The European Union today gave final approval to legislation that will force technology companies like Apple to switch to USB-C across a wide range of devices.
Outlined in an official press release, the European Council today gave the European Parliament’s common charger directive approval, finalizing the legislative procedure that will make a USB-C port mandatory across a wide range of consumer electronic devices, including the iPhone and AirPods, by the end of 2024. The directive has now been officially adopted and is set to be published in the official journal of the European Union. It will come into force 20 days after publication, and the rules will apply exactly 24 months after that date. Products that go on sale before the date of application will be exempt and can continue to be sold after that point.
USB-C as a legally mandated “common port” is a world-first statute and will likely impact Apple in particular since it widely uses the Lightning connector instead of USB-C on many of its devices. MEPs claim that the move will reduce electronic waste, address product sustainability, and make use of different devices more convenient.
Regardless of their manufacturer, all new mobile phones, tablets, digital cameras, headphones and headsets, handheld videogame consoles and portable speakers, e-readers, keyboards, mice, portable navigation systems, earbuds and laptops that are rechargeable via a wired cable, with a power delivery of up to 100 Watts, will have to feature a USB-C port. Exemptions will apply for devices that are too small to offer a USB-C port, such as smart watches, health trackers, and some sports equipment, but the legislation is expected to expand to other devices over time. Companies will also have to ensure that dedicated labels clearly inform consumers about the charging characteristics of devices they buy.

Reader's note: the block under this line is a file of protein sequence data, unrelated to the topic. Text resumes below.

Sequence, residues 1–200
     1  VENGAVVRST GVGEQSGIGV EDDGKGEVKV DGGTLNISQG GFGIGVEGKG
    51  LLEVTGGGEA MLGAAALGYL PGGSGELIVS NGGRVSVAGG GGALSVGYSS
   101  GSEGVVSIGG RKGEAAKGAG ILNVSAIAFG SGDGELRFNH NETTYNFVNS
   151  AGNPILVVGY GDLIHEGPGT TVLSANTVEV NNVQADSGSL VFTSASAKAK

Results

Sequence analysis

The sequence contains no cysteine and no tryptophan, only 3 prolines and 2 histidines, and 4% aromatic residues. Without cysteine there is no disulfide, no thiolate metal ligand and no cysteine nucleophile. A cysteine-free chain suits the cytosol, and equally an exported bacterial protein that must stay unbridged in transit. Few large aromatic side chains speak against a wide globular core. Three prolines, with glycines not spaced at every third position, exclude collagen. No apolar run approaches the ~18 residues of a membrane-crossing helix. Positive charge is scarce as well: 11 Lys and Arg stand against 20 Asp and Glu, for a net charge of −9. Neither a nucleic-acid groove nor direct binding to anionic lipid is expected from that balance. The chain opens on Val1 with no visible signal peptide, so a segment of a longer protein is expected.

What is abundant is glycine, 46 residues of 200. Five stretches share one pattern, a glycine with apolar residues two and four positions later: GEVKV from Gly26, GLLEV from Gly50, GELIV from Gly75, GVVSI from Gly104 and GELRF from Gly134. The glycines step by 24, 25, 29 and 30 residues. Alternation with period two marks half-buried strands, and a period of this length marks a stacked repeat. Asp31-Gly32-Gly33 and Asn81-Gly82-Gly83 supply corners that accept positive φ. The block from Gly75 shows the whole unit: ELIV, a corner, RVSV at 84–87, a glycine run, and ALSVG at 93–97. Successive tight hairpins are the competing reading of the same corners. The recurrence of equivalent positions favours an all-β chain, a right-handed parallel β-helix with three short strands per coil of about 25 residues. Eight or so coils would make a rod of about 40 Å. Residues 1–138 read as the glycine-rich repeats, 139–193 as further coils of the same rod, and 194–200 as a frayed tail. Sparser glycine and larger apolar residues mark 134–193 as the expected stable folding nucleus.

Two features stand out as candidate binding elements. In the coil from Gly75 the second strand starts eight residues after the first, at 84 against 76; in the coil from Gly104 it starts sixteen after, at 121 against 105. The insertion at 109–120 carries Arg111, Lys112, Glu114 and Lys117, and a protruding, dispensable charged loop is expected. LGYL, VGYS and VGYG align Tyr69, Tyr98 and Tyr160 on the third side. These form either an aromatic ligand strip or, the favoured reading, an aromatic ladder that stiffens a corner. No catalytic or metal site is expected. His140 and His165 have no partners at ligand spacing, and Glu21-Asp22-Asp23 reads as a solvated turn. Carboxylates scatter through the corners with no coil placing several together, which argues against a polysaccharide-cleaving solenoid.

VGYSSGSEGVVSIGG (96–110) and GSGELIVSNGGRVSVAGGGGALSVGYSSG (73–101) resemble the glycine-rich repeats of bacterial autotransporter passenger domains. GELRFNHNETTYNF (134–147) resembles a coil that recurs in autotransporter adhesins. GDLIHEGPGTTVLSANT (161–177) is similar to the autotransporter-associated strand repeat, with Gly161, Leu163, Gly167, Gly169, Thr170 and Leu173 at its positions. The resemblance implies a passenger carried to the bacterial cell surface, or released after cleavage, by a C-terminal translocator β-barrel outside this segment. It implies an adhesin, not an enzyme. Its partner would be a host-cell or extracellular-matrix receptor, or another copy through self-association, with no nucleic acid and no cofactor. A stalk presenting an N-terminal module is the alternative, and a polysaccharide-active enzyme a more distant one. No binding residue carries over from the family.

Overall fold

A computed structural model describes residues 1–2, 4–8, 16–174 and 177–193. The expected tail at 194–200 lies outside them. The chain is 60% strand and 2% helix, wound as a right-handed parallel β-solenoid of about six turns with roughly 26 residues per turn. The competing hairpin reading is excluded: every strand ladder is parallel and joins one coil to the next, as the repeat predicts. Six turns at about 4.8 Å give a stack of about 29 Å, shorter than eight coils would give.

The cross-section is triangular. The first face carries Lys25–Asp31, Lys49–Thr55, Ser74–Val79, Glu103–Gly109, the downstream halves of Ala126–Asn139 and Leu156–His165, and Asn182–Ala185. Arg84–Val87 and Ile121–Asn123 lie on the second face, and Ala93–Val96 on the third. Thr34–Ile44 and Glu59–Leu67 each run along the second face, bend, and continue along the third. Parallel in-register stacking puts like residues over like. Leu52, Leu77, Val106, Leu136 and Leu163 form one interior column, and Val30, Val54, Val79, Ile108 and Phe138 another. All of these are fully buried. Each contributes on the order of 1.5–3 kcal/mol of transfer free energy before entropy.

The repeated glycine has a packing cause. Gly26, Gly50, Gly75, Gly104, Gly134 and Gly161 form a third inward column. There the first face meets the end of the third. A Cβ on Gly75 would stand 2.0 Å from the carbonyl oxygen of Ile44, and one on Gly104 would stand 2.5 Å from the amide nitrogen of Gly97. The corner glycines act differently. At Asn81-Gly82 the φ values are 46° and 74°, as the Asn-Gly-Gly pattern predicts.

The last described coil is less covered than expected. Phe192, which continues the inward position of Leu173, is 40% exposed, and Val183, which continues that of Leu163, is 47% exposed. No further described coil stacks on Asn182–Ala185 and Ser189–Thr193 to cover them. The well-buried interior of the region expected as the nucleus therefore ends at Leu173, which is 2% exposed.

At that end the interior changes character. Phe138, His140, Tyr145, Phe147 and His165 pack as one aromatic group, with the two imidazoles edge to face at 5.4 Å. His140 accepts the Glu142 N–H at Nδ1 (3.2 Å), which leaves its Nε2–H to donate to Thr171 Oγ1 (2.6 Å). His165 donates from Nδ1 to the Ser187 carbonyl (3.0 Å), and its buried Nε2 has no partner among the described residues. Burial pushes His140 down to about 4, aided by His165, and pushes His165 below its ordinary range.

In addition, the EU seeks to ensure that wireless charging solutions are interoperable as the technology evolves over time. The directive empowers the European Commission to develop delegated acts by the end of 2024 that force companies to make their custom wireless charging solutions more open and meet interoperability standards, helping consumers to avoid getting locked into proprietary charging solutions while preventing fragmentation and reducing waste. It is not clear if this would include Apple’s MagSafe charging system for the iPhone and AirPods since it is based on the Qi wireless charging standard.
In 2018, the European Commission attempted to reach a final resolution on this issue but it failed to come into law. At the time, Apple warned that forcing a common charging port on the industry would stifle innovation and create electronic waste as consumers would be forced to switch to new cables.
Note: Due to the political or social nature of the discussion regarding this topic, the discussion thread is located in our Political News forum. All forum members and site visitors are welcome to read and follow the thread, but posting is limited to forum members with at least 100 posts.